'The more options the better': Pacers executive Ryan Carr previews 2023 NBA Draft after record number of player visits
With five selections, the buzzwords for the Pacers are options and opportunities ahead of draft night on Thursday. Their first pick is at 7.
The Indiana Pacers will soon add to their core on Thursday at the 2023 NBA Draft, armed with a lottery selection for the third consecutive offseason.
Since the team wisely pivoted before the 2022 trade deadline — when they acquired Tyrese Haliburton, Buddy Hield and Jalen Smith — there has been a clear plan in place. They understood they must get worse before they got better. And they had the approval from ownership to proceed.
After the 2023 draft, the Pacers shouldn’t be back in the lottery this decade.
Nobody expected the 10-win improvement last season, which was led by Haliburton. He’s been a breath of fresh air for the franchise, one of the board of directors on the basketball side of the franchise. The braintrust does not hesitate to seek his input, consider it in their decision making and to utilize him in both the analysis and recruitment of players.
This time last year, the face of the franchise was in New York and he spoke to the rookie class before draft night. And on the eve of the draft, it just so happened that Haliburton was with Bennedict Mathurin in a hotel room. Mathurin wanted to be a Pacer, and he made sure both Haliburton and the Pacers knew it.
The Pacers front office is looking to add another significant piece to the core of Haliburton, Mathurin, and perhaps a few others. They need another strong pillar for years to come.
This will be the seventh draft led by team president Kevin Pritchard, who was promoted after Larry Bird stepped down in May 2017. He’s always looking to “get special” and hopes to find a future All-Star in this third tier of players at 7.
“At 7, you really want to have a guy with a high ceiling,” he said last month at the draft lottery. “I think all the guys in that area that the mocks are looking at (fit that). We want to get someone that can build with our youth and that can grow over the next three or four years together.”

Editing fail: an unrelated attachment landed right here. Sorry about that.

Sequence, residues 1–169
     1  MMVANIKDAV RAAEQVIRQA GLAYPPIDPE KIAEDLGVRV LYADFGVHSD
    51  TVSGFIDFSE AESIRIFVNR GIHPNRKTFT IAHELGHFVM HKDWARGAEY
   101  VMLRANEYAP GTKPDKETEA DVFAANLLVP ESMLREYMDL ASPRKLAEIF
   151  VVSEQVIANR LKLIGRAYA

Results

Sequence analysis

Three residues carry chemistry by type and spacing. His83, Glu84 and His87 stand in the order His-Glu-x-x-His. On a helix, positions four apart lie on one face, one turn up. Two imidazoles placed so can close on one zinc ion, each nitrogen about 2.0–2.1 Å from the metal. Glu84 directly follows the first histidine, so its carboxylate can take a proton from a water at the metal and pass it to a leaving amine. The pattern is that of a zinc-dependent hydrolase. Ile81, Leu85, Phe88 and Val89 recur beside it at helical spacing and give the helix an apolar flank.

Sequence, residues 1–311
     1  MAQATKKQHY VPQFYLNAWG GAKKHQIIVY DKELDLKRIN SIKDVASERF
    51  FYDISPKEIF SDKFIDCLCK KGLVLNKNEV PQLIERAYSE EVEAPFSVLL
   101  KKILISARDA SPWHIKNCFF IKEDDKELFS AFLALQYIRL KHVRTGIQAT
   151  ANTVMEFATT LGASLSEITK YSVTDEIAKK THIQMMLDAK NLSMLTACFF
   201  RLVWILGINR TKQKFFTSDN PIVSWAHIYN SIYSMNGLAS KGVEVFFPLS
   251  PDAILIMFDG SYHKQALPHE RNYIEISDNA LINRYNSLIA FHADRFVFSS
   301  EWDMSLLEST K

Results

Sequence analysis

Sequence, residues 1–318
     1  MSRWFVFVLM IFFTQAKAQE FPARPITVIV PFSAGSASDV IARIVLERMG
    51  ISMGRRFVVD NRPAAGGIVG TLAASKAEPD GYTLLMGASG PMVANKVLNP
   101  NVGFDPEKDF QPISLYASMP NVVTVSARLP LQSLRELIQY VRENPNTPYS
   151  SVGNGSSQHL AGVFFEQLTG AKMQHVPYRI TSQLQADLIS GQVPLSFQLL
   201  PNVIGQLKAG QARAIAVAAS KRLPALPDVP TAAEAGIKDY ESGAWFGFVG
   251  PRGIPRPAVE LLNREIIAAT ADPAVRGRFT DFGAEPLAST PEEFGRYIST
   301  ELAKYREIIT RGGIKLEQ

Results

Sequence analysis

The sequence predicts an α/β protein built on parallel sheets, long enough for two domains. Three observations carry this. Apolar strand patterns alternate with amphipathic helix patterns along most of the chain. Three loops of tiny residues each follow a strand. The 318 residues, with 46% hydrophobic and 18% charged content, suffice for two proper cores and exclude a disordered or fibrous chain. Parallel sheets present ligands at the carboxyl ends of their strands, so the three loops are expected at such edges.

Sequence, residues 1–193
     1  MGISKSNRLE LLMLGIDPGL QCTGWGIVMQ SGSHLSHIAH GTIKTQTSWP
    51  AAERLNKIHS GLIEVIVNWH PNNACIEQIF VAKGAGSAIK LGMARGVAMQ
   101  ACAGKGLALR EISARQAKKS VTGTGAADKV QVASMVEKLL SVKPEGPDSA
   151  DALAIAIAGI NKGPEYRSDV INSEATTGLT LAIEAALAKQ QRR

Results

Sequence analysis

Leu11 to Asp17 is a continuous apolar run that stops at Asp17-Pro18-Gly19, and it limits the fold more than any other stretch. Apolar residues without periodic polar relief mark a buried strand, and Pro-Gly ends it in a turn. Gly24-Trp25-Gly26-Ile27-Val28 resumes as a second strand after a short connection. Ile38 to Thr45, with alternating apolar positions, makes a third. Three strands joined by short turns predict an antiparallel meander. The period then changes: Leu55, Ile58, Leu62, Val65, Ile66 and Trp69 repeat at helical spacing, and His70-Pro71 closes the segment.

It’s almost certain that they will make at least a couple trades before the conclusion of the draft, and KP has done that several times before — to acquire known talent, to package picks and move up, and to trade a pick for future options.
And as they should, all options are on the table.
“We’re not gonna keep all five picks, but there’s just a lot of things we can do,” said Pritchard. “And my guess is we’ll get a lot of offers for those picks too.”
On Monday, the Pacers completed their 16th and final known workout. They hosted 62 players, the most in my time covering Pacers drafts going back to 2008.
For context, they hosted 54 players in 2022 and 45 in 2021.
The only thing comparable is in 2020, when they spoke with more than 100 prospects over Zoom during the pandemic — but there were no workouts.
Ryan Carr, the Pacers’ Vice President of Player Personnel, has run the team’s pre-draft process for more than a decade. He first joined the franchise in 1997, hired by Bird to work in the video room.
Since 2003, he’s worked in scouting and now overseas a dozen scouts scattered across the country, and two over in Europe. Together, they build a digital database on the draft class, pages and pages of evaluations, intel, measurements, testing and more.
This is years in the making for each draft class and consists of attending college games, practices, the draft combine and then hosting players to the team facility is the final element. It’s not any more important, but another data point. And perhaps most helpful in getting to know each player off the court over lunch.
Carr met with reporters on Monday — also the day his twins, Austin and Caitlin, turned 18 — as he always does once per year, after the final workout leading up to the draft. With five picks, including three over a seven-pick span (26 to 32), he and the Pacers are emphasizing buzzwords “options” and “opportunities.”